In light of modern psychoanalysis, a study conducted by Carveth (1994) affirms that in order to attain inter-subjectivity and enjoy its implications, it is important to forego the isolation that characterizes certain individuals. The myth of isolation indicates that some individuals virtually exist on their own, independent of the world and other individuals. As such, they become vulnerable to the different forces and challenges that life presents. This vulnerability then culminates in conditions of anxiety and anguish that in some instances become unbearable. It should be acknowledged that the state of anxiety highly inhibits effective emotional functioning of an individual.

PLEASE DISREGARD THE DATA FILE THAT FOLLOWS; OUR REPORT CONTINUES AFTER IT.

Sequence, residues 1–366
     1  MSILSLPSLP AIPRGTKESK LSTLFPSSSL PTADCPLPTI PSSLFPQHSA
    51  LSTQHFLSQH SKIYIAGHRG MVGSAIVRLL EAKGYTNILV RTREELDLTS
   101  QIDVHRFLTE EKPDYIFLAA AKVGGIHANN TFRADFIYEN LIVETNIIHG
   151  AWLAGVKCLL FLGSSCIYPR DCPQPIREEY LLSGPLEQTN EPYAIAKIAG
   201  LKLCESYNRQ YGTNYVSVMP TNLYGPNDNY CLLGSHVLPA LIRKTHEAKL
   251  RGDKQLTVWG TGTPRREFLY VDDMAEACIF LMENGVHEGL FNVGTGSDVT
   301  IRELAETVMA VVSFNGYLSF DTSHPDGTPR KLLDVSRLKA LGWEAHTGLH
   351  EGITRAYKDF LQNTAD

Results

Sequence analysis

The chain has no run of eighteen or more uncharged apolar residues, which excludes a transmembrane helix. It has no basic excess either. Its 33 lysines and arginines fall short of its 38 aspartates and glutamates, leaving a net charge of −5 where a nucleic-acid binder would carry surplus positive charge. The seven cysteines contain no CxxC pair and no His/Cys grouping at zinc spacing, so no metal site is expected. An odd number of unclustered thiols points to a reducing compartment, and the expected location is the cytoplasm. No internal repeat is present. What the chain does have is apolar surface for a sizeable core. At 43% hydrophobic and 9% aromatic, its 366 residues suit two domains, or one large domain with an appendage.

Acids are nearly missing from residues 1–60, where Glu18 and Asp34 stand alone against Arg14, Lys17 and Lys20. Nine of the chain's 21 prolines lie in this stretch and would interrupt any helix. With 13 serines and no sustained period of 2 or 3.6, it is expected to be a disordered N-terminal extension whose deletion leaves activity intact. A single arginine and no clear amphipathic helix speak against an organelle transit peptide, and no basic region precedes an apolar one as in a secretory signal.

To this effect, therapists recommend that patients are required to open up and involve third parties in making important decisions. In addition, when faced with any emotional and psychological problems, the patients should seek early interventions that can be readily provided by the persons that they are close to. This is instrumental in regulating the severity of the effect of mental problems to their wellbeing (Carveth, 1994). Basically, this theory shows that establishment of viable ‘real’ social relationships goes a long way in avoiding psychological problems. It is because they give the patients a chance for relief during the early stages of their psychological anguish and relatively prevent situations of psychological breakdown and the associated mental difficulties.
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